Review: Victor and Nora

Click the picture to purchase the book on Amazon

Rating: ★★★★½

I received a copy of this book for free from the publisher (DC Comics) in exchange for an honest review. 

What a tragic love story! 

This was another great comic from the DC Graphic Novels for Young Adults imprint. This one followed a young Victor Fries (aka Mr. Freeze) as he first meets Nora (aka Mrs. Freeze). I thought this comic set up their origin story nicely. 

The comic really delves into the emotional states of the characters and the tragedies of their lives. There was a lot of depth and complexity to them. Both Victor and Nora have a lot of grief and it was interesting to see how they dealt with that. If you like tragic young adult love stories, then you’ll probably like Victor and Nora’s story! 

Since this is a comic, I have to talk about the artwork. It is amazing!The use of colors in showing their relationship was very clever. Victor was cool blues, while Nora was warm hues. The colors were also useful in distinguishing whose point of view was being shown. There were also a few art style changes in the comic that were super fun. For example, on pages 38-39, the art changes to the Tim Burton skeleton look, which was so spot on! 

Overall, I really enjoyed this young adult take on a famous Gotham villain couple! 


Connect with me!

Goodreads | Instagram | Twitter | Facebook | TikTok

Review: Beauty Mark

Click the photo to purchase the book on Amazon

Rating: ★★★★

I received an ARC of this book for free from the publisher (Candlewick Press) in exchange for an honest review.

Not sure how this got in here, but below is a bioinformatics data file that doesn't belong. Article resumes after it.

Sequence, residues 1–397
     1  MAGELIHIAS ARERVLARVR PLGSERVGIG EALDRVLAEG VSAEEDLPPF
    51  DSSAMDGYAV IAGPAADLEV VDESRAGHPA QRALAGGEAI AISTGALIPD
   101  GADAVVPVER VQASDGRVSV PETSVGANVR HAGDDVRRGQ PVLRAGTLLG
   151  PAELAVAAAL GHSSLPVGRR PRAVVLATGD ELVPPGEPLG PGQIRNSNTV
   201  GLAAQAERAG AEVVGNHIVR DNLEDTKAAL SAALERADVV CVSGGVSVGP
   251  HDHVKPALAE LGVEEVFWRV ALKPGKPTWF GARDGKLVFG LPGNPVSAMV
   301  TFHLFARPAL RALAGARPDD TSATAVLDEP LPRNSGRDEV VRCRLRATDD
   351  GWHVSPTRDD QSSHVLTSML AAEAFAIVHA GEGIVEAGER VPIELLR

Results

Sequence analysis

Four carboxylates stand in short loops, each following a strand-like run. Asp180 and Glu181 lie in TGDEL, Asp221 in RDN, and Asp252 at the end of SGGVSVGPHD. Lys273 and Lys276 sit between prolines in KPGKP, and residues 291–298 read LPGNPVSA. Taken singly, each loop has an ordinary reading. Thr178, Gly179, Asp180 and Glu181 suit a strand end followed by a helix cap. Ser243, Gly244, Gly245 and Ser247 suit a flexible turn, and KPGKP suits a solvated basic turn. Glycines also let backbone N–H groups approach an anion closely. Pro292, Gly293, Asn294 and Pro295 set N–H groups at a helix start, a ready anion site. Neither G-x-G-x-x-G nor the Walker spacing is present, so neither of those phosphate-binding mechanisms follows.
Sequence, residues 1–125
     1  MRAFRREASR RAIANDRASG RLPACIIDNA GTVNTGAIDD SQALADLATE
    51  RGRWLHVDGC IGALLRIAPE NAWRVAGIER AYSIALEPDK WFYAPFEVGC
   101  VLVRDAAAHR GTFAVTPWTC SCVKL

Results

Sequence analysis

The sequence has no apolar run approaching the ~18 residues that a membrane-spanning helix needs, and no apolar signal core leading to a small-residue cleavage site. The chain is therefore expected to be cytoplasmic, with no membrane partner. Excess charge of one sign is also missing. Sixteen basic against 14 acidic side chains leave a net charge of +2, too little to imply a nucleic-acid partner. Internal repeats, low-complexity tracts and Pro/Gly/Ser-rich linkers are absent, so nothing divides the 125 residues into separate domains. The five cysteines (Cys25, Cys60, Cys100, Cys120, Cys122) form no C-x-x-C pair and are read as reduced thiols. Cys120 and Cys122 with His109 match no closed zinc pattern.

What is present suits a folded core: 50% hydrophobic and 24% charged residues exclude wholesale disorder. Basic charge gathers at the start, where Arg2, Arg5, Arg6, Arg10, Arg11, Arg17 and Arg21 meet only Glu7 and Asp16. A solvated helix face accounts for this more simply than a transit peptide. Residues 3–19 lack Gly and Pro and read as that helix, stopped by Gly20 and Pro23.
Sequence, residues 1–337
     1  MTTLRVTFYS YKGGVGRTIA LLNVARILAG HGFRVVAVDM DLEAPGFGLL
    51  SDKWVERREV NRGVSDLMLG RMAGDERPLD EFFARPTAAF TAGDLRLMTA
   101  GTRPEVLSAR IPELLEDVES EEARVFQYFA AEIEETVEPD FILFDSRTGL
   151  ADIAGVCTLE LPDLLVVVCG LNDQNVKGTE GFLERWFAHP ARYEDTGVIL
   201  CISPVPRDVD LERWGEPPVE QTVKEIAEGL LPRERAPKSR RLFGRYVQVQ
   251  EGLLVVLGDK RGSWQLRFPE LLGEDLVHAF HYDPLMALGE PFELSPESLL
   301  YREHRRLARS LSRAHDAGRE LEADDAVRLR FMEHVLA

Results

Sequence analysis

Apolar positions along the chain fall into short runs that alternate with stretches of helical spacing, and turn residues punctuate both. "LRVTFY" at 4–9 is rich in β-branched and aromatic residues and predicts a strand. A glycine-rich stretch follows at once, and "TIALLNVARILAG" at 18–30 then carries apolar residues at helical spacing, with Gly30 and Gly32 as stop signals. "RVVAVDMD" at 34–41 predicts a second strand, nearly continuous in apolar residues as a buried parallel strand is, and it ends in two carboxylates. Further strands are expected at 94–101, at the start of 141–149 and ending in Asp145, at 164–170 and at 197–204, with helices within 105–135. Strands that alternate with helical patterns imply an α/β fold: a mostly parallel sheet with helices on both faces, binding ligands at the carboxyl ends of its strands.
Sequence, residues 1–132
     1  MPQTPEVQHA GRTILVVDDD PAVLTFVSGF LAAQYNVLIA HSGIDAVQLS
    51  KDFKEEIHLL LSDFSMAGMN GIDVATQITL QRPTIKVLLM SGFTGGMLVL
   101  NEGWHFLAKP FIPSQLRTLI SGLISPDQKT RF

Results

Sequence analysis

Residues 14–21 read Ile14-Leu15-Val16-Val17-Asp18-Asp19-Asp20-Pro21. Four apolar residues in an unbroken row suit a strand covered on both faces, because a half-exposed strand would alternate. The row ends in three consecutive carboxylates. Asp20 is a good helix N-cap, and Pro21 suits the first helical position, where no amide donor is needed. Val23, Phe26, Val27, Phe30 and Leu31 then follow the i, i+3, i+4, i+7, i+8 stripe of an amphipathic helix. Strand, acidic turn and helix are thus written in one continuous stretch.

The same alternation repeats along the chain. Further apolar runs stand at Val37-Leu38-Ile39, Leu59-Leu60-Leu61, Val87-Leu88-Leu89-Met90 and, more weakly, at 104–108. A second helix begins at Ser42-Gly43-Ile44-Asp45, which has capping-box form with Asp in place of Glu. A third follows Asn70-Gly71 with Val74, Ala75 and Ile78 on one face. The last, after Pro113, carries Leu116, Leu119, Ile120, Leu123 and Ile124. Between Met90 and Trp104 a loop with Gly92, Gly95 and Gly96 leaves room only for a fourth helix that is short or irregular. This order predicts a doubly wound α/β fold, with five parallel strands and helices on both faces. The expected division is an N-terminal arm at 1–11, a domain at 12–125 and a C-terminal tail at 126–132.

I’m a fairly new Marilyn Monroe fan. I’ve only seen “Gentlemen Prefer Blondes” and “How To Marry A Millionaire” and loved her in both of those. I was so excited to read this because I wanted to learn more about her. I knew she had a tragic life and this book dove right into it. 

This novel in verse goes through Marilyn’s entire life, starting from when she was a kid to a few weeks before her death. All aspects of her life are explored, painting a stunning portrait of this complicated woman.

As for the poems themselves, some of them were amazing but some fell a little flat. A novel in verse is a little harder to write since it does tell a story, so that is forgivable. 

Some of my favorite poems were:

  • Stand Still (pg 2)
  • From Wonderland to Oz (pg 26)
  • Baby Siren (pg 56)
  • Dare I Wish? Dare I Dream? (Pg 75) 
  • Blondes Prefer Gentle Men (pg 106)
  • No Pink Tights But a Gold Band (pg 114)
  • I Got Rhythm (pg 124)
  • Don’t Judge a Book by Its Cover (pg 128)
  • Living Up to My Name (pg 136)
  • No One Malady (pg 137)
  • Miscarriage Blues (pg 150)
  • Dogs Are a Girl’s Best Friend (pg 162)
  • Secrets of Style (pg 164)
  • Rx: “Vitamins” (pg 169)
  • The Kennedys (pg 175)
  • Who Is Marilyn Monroe? (pg 178)
  • Epilogue (pg 181)

I really liked that there was a poem about how she helped Ella Fitzgerald (I Got Rhythm). I am happy that was highlighted. I also loved the whole poem dedicated to Marilyn’s love of reading (Don’t Judge a Book by Its Cover). I’ve always loved that she was a bookworm. Lastly, the last poem (Epilogue) was a clever way to end the book. That poem just consisted of a series of headlines relating to Marilyn after 1962, which gave you a glimpse of her lasting legacy and mystique. 

Overall, this was a fascinating take on the life of Marilyn. If you’re Marilyn fan, or just want to learn more about her, I recommend reading this book. It’s a quick read but it does leave a big impact! 


Connect with me!

Goodreads | Instagram | Twitter | Facebook | TikTok